Section 109(5) provides that where an infringer fails to pay the administrative fine, the Regulator may file – with the Registrar or Clerk of the Court – a statement setting out the amount of the fine, which statement shall have the effects of a civil judgment granted in favour of the Regulator for a liquid debt.

Effectively, a person who is guilty of spreading revenge pornography can be required, in terms of an enforcement notice, to take the footage down. If they comply the victim is still entitled to pursue a claim of civil damages in terms of
s 99. However, where the perpetrator does not comply they could find themselves facing criminal prosecution or having to pay a fine. While this fine itself is not payable to the victim, the perpetrator has not gone unpunished and the victim may still pursue a civil claim for damages.

Civil damages

Section 99(1) of POPI provides that a data subject may institute a civil action for damages against a responsible party for breach of any conditions for the lawful processing of personal information, whether or not there is intent or negligence on the part of the responsible party. Section 99 thus provides for liability without fault, where ordinary common law remedies would require at least negligence.

The right to be forgotten

The above remedies are contingent on the victim knowing the identity of the perpetrator. In the event that the perpetrator’s identity is unknown, the victim could potentially rely on s 24 of POPI, which provides that a data subject may request a responsible party to delete personal information that is inaccurate, irrelevant, excessive, incomplete or misleading.

The right to be forgotten, which is contained in art 17 of the GDPR, was first recognised in Google Spain SL and Google Inc v Agencia Espanola de Proteccion de Datos (AEPD) and Mario Costeja Gonzalez (C-131/12, 13-5-2014) in which the European Court of Justice (the ECJ) ruled that search engines are controllers of personal data. The court held that even if the physical server of a company processing data is located outside of the EU, European rules still apply to the search engine operators if they have a branch or a subsidiary in a Member State. An individual thus has the right, where the information is inaccurate, inadequate, irrelevant, or excessive for purposes of the data processing, to ask a search engine to remove links with personal information about them (at para 93 of the ruling).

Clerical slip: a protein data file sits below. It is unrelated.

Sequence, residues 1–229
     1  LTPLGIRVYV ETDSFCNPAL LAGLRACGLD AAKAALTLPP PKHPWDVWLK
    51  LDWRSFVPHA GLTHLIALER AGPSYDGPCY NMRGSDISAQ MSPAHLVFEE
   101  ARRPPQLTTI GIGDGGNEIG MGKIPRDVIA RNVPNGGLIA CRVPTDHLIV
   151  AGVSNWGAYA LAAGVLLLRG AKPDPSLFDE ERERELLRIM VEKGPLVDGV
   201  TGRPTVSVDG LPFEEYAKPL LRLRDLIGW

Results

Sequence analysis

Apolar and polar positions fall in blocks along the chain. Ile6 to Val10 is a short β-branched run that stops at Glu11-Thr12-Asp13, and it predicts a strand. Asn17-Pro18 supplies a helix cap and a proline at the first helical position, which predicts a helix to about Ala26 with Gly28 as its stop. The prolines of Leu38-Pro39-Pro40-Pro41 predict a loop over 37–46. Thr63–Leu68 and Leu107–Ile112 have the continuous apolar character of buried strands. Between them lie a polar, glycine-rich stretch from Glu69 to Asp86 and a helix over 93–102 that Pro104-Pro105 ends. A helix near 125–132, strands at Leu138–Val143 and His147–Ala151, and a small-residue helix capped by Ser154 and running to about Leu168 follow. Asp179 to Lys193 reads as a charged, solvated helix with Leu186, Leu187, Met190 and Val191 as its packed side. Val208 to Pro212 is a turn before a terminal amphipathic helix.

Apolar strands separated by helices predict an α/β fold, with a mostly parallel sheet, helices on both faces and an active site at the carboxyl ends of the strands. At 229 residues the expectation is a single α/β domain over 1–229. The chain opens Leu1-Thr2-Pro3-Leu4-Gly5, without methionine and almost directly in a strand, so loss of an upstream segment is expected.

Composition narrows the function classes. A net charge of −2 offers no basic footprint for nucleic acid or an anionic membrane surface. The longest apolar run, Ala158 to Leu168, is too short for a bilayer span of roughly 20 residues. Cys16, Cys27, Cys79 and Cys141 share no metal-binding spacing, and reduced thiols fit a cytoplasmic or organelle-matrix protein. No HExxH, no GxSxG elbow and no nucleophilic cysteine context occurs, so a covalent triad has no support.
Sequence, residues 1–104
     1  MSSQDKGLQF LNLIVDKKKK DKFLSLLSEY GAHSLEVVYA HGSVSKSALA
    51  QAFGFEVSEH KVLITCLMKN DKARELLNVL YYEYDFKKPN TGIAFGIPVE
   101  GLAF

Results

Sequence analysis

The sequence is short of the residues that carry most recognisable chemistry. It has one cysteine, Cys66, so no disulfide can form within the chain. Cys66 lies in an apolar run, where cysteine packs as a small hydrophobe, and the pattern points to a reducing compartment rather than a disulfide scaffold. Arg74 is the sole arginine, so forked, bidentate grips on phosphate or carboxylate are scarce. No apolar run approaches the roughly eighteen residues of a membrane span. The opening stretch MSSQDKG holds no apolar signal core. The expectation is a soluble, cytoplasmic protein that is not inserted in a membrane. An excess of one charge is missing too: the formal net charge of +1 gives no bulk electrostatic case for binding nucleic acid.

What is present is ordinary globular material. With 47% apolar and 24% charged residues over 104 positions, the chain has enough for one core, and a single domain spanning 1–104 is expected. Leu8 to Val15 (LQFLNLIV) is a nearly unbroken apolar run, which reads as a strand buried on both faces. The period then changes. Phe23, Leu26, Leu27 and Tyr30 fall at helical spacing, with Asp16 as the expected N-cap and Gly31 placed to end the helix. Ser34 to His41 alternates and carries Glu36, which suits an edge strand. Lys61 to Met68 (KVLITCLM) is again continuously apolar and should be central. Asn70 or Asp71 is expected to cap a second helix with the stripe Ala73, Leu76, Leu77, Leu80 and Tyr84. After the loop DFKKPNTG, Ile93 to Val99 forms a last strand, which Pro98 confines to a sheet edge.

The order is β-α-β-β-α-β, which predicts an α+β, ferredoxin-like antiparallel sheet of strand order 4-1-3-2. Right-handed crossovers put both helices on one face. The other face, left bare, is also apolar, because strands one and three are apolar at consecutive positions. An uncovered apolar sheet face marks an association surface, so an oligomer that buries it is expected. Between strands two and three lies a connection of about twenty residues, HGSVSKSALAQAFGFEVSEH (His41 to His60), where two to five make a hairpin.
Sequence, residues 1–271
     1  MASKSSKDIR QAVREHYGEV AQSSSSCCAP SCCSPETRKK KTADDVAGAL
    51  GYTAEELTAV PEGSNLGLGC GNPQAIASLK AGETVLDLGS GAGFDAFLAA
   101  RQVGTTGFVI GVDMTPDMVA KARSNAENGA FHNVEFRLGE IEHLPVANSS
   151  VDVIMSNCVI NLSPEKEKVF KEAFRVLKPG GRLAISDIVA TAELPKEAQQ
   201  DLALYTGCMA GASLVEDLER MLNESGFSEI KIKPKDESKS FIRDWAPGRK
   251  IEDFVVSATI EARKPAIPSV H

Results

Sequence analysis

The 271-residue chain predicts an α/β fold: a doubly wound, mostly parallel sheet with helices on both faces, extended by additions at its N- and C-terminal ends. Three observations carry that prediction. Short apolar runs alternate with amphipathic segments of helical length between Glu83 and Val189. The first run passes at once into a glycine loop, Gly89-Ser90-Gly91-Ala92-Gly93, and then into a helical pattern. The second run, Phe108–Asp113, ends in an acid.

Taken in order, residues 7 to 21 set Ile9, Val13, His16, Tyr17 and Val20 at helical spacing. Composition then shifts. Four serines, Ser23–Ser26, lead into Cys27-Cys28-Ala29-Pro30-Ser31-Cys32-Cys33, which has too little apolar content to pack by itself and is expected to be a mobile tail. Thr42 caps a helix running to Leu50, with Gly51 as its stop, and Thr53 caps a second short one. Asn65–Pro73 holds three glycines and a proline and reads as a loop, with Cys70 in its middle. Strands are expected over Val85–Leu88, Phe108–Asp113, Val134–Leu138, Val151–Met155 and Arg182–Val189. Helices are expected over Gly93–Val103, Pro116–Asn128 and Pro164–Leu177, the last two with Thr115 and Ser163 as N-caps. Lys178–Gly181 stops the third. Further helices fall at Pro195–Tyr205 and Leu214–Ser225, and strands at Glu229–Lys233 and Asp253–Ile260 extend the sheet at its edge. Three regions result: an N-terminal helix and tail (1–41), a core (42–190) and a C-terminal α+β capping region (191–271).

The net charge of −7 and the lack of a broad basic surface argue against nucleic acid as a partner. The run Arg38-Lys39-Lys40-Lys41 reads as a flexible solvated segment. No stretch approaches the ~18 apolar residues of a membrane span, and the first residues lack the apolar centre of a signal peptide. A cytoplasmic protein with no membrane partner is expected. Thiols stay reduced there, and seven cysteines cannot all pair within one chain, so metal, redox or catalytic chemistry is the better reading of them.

The right to be forgotten may serve as a valuable remedy for victims of revenge pornography on the grounds that such ‘information’ is irrelevant, inaccurate, or excessive, subject to three considerations.

The ECJ ruling does not mean that information must be deleted off the Internet completely, only that links to information about an individual should be removed from search results. Secondly, it is not clear whether the Google Spain decision also applies to the search feature on social media platforms. Third is the fact that the ECJ subsequently ruled that the right to be forgotten only applies within the EU (Google LLC, Successor in law to Google Inc v Commission Nationale de I’informatique et des Libertés (CNIL)) (C-507/17, 24-9-2019).

Nevertheless, if a South African court were to apply the principles applied by the ECJ in Google Spain, it is possible that South Africans would also be able to request a search engine, in terms of
s 24 of POPI, to remove links to offensive footage from their search results.


The efficacy of any potential remedies in terms of POPI would depend on the speed and capacity of the Regulator and the Enforcement Committee. Nevertheless, there is the potential for POPI to function as an effective tool in combatting revenge pornography, whether used instead of, or in addition to other civil and criminal remedies.

POPI may also provide a solution in terms of the right to be forgotten where the perpetrator’s identity is unknown.

One can only hope that by lodging a complaint with the Regulator the victim may be able to obtain more immediate relief in order to limit the damage to their reputation.

Paula Gabriel BMus MMus (UCT) LLB (Unisa) is an advocate in Cape Town.

This article was first published in De Rebus in 2020 (April) DR 14.

De Rebus